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Black Women are IT

Read this week’s Bite in _ minutes and tell a Black woman or two why you appreciate her on this International Women’s Day.

The Skinny on COVID

The latest in numbers: 29M total cases & 525K deaths (+411K & +12K from last week)

Some headlines:

Evanston, IL Comes Through

The city will be the first to provide reparations to its Black residents. Taking the money from a 3% tax on recreational marijuana sales, Evanston plans to give $10M over the next 10 years with some people being eligible for direct payments of up to $25K. These payments will be earmarked specifically for housing. Today, Black residents make up 16% of the city’s population and make less than half than their white neighbors.

Keeping Up with Biden & Harris

As more and more Republican legislators at the state level work to restrict voting access after the 2020 election, Biden tells them to take all that noise somewhere else with a new executive order.

Speaking of voting rights, our Black woman VP commemorated Bloody Sunday (the day the 1965 march in Selma occurred) by celebrating the spirit of John Lewis and by calling for the fight for equal voting access to continue in his honor.

Some immigration detention centers will soon be turned into processing centers to allow asylum seekers who appear at the border to go through health screenings and background checks in 72 hours before being released ahead of scheduled court appearances. Any families that arrive together will be processed together.

Congress, What’s Good?

The Senate passed Biden’s $1.9T stimulus bill over the weekend, giving way to stimulus checks (hopefully coming before the end of this month), an extension of federal unemployment benefits to August, and $350B in aid to state and local governments. This bill is not the same as the one the House passed (it included the minimum wage increase), so they are expected to pass the Senate’s legislation by Tuesday. Oh, and one other thing, if your salary is anything between $80K and $100K, you’ll no longer be receiving a stimulus check. Thank conservative Democrat Senators for that.

Also, here are the 8 Democratic Senators who sided with Republicans to vote against the $15 minimum wage increase. They cited a need to protect struggling businesses from the increased cost. You can guess what they all look like and (if you believe Twitter), what their net worths are.

This week, Congress will direct its attention to:

Criminal Justice Round Up

About that George Floyd Policing Act that the House included $750M to help the police investigate themselves. This columnist doesn’t think this bill would have saved George’s life even if it had been passed while he was alive.

Idaho’s governor signed a law that would compensate those who were wrongfully convicted of a crime. The retroactive yearly compensation would range from $25K to $75K, depending on whether the person was on parole, in prison, or on death row. Not all of Idaho is stupid, we guess.

We can’t make this up: After a 10-year pause on executions, South Carolina state senators approved a bill that would allow a firing squad and the electric chair again as options for carrying out the death penalty. The bill is expected to pass in the state’s House soon and to be signed by the governor.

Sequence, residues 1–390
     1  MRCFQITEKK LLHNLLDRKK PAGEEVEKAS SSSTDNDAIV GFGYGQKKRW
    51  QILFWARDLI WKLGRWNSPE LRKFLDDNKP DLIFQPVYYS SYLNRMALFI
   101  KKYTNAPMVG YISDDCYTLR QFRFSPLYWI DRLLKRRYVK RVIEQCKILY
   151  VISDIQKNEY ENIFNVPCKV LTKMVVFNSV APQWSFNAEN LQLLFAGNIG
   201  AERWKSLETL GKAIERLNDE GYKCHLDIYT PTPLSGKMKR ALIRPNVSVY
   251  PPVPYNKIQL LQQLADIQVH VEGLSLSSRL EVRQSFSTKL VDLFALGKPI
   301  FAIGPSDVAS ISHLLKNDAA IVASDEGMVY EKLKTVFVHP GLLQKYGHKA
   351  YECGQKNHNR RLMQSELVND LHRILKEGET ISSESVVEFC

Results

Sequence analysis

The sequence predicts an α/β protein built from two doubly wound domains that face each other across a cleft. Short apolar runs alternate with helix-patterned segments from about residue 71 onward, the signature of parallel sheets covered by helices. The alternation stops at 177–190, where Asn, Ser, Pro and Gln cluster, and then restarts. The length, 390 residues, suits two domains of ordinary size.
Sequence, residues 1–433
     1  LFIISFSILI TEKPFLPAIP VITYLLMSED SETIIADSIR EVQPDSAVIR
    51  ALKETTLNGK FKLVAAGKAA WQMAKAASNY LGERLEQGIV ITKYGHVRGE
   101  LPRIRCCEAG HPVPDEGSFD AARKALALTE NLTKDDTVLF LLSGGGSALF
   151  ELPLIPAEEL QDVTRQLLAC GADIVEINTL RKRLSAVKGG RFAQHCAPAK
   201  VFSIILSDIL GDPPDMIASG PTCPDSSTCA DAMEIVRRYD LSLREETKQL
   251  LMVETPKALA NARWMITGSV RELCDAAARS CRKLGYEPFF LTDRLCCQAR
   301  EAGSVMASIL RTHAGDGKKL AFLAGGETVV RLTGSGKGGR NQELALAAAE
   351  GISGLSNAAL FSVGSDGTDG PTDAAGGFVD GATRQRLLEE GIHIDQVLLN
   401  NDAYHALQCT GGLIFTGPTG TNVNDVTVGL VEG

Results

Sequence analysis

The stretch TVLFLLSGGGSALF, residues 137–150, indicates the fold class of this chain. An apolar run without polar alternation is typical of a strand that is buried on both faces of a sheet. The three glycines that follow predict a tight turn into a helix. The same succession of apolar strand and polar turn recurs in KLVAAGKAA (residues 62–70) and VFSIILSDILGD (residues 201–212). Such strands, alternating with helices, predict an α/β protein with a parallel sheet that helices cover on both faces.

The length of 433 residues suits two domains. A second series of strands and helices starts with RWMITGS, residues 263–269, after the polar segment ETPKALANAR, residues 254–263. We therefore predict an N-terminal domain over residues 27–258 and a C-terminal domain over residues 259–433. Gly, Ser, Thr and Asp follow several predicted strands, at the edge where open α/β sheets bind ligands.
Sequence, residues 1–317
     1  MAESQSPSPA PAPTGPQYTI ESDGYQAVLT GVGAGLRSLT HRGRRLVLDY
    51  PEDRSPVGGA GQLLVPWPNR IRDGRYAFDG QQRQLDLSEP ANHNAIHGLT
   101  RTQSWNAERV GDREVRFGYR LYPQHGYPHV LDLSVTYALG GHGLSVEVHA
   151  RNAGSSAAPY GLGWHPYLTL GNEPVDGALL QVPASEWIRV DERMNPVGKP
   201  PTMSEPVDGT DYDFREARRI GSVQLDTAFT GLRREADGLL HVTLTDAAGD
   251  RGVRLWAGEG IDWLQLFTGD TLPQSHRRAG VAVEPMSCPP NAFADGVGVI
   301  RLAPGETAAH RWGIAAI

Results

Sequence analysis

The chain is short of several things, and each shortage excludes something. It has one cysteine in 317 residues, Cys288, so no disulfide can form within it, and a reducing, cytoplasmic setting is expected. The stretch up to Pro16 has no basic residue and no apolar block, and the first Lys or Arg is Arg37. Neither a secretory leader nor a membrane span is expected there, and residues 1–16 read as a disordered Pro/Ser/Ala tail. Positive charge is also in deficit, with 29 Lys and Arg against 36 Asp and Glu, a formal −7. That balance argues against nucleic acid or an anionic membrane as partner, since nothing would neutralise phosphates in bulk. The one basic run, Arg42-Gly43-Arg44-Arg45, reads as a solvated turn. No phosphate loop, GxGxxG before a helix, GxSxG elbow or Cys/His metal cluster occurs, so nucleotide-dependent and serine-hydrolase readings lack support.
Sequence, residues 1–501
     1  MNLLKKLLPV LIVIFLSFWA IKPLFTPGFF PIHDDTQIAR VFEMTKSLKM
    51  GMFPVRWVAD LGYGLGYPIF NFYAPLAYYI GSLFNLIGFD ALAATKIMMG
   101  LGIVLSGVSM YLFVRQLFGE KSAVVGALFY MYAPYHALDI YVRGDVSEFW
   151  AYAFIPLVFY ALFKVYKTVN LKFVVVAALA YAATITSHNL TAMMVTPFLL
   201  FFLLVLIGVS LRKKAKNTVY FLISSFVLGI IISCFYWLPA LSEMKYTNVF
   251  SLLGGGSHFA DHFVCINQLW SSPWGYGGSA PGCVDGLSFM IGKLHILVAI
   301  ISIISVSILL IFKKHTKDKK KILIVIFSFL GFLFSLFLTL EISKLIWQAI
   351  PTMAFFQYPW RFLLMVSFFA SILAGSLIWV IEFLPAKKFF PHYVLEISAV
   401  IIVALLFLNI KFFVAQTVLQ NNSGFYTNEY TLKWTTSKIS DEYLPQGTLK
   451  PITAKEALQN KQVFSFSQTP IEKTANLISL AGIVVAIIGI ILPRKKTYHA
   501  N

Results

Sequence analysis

3 Black men were exonerated and released after serving 24 years in a New York prison. A judge recently determined that prosecutors withheld evidence of their innocence.

Around the Diaspora

Rwanda leads the world with the number of women in parliament. 61% of the country’s legislature are (Black) women.

The pandemic has worsened gender inequality in Zimbabwe. Women & girls continue to be most at risk for violence and most likely to be unpaid laborers. The Zimbabwe Spotlight Initiative hopes to change that by 2030.

Will Barbados give vaccines to visitors who pull up without having gotten the shot in their own countries? The proposal worries some Bajans.

Nourishing Africa, in partnership with Mastercard, aims to train 2K young agripreneurs and provide grants to 125 small to medium-sized businesses to withstand the shocks of major events like COVID-19.

Getting to the Money

Morehouse College wants to help Black men finish school. Starting in the fall, the school will reduce tuition for an online program if students have already completed some of their college credits.

Second Chance Studios, a nonprofit digital media studio that trains and employs the formerly incarcerated, is looking for a Program & Development Lead. Guess who leads this company? Yep, a Black woman.

This Black woman wants to help high school seniors and their parents prepare for—and thrive in—college with an online program called Advising on Purpose.

Buying Black

Eyllek Skin Care is a Dallas, TX-based brand that is all things nourishing and gentle. Give their products a try if you are in the marked for advanced natural skincare products. The brand was founded by a Black woman.

Culture that Pops

Nasa named its Perseverance rover landing site on Mars after the iconic Octavia Butler, a pioneering sci-fi writer.

The verdict from former Stockton mayor Michael Tubbs’ universal basic income experiment is in. Providing residents with $500 monthly to spend however they like can dramatically improve their quality of life.

This Grammy-nominated Mississippi Bluesman and owner of the longest-operating juke joint is working hard to keep his unique blues tradition around even after he’s gone.

Jay-Z sold his majority stake in Tidal to Square and joined their board. The other artists who own a stake in the streaming service will, as a collective, still be the 2nd largest shareholder in the company. The move was made in an effort to change the music business. Will it work?


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